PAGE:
In the aftermath of October 1934, 30,000 workers were imprisoned. The repression and the experience of the Alliances led to an increased desire among workers to overcome ideological differences and move towards unity. On the revolutionary left there was the founding of the POUM in September 1935 by the BOC and the Trotskyists. Amongst the anarcho-syndicalists, there was a re-unification amongst the ranks of the more moderate syndicalists who had split away in 1932–3.

It was from the Socialists however that the most significant unification took place. Internally the division between Caballero and Prieto became more acute than ever. But the left was not homogenous and sections of the left began to gravitate towards the Community Party. In organisational terms this led to the absorption of the small CP union, the CGTU, into the UGT in November 1935 and, more importantly, the unification of the Socialist and Communist youth organisations in July 1936.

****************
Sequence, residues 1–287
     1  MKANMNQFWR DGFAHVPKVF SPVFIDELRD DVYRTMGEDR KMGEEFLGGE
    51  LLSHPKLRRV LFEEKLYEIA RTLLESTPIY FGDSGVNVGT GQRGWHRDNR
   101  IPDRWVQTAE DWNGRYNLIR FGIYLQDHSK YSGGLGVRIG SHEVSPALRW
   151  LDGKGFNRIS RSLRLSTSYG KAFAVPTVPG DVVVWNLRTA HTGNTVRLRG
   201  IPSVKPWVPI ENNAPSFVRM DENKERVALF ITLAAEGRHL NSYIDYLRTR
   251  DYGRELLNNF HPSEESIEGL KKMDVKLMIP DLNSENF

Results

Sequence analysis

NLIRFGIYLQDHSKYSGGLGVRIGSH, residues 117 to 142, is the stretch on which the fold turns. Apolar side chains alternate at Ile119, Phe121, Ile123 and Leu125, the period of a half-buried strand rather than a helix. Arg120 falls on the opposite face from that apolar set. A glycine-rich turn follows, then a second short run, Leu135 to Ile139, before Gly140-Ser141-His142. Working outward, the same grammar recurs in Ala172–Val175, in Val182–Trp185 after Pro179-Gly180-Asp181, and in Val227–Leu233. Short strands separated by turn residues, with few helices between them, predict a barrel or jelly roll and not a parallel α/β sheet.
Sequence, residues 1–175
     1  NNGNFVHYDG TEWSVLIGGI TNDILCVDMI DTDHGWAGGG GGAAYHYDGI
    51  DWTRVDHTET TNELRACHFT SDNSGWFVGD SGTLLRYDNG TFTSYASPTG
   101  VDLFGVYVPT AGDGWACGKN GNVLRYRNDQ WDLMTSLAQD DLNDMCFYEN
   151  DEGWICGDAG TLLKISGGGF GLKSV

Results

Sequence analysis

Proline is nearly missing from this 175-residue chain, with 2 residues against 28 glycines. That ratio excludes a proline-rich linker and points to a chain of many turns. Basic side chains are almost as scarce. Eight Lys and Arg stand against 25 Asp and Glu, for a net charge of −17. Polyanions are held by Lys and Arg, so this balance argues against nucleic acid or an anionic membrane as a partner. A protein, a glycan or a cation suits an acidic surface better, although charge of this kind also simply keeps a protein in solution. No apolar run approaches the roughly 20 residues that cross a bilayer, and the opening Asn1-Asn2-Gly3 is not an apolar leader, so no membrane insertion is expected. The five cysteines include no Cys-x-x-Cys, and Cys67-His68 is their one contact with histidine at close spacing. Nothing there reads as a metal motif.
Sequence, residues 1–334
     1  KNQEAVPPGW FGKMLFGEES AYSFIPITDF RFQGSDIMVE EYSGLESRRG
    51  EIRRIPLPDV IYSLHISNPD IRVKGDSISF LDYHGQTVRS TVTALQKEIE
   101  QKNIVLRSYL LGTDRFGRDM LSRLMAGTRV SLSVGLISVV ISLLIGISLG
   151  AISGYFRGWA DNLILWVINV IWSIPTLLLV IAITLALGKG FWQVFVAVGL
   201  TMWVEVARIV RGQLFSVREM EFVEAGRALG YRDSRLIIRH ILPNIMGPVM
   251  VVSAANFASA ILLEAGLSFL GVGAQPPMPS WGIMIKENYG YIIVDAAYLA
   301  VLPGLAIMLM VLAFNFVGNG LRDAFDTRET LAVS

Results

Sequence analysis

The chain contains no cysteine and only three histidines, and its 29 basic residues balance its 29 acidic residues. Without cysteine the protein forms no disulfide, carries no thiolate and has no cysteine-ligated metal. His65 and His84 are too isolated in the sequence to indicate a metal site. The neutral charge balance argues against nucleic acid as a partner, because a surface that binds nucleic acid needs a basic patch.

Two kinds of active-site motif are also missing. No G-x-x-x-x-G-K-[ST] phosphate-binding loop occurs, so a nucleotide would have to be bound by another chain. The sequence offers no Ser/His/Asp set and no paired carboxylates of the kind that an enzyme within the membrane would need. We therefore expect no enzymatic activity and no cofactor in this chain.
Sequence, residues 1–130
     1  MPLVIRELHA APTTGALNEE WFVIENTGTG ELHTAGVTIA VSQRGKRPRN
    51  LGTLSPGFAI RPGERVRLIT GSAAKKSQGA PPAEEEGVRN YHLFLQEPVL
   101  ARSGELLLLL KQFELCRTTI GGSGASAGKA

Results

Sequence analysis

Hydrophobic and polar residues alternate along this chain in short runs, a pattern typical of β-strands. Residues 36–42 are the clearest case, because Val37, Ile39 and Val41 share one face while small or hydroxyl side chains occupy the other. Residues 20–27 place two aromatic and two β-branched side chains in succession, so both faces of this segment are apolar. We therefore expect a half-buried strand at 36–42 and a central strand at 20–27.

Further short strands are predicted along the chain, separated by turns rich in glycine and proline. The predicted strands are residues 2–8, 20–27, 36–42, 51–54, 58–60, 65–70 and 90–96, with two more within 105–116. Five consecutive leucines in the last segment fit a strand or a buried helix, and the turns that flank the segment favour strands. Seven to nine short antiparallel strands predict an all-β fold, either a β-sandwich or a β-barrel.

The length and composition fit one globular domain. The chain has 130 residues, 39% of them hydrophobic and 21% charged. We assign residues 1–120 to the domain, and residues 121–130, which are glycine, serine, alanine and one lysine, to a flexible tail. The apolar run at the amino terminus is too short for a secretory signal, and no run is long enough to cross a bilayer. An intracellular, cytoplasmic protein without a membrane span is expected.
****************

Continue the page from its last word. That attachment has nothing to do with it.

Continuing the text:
The shift towards the Communist Party by some of Caballero’s supporters would seem surprising. Before 1934 the Spanish Communist Party was little more than an isolated sect pursuing an ultra-leftist strategy typical of ‘Third Period’ Stalinism. Its later development as the leader of the counter-revolution during the civil war appears to be very much at odds with the Socialists’ radicalism of 1934–6. Yet the drift of sections of the Socialist left towards the Communist Party was to be central to the defeat of Caballero during the civil war. There were a variety of reasons for this crucial development.